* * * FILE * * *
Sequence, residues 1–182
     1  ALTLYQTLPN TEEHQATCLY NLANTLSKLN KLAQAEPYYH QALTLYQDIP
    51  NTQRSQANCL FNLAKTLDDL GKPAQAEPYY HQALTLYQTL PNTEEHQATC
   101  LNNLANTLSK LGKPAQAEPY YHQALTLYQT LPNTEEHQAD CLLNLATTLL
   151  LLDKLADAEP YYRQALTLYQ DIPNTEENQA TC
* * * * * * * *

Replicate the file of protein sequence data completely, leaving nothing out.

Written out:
Sequence, residues 1–182
     1  ALTLYQTLPN TEEHQATCLY NLANTLSKLN KLAQAEPYYH QALTLYQDIP
    51  NTQRSQANCL FNLAKTLDDL GKPAQAEPYY HQALTLYQTL PNTEEHQATC
   101  LNNLANTLSK LGKPAQAEPY YHQALTLYQT LPNTEEHQAD CLLNLATTLL
   151  LLDKLADAEP YYRQALTLYQ DIPNTEENQA TC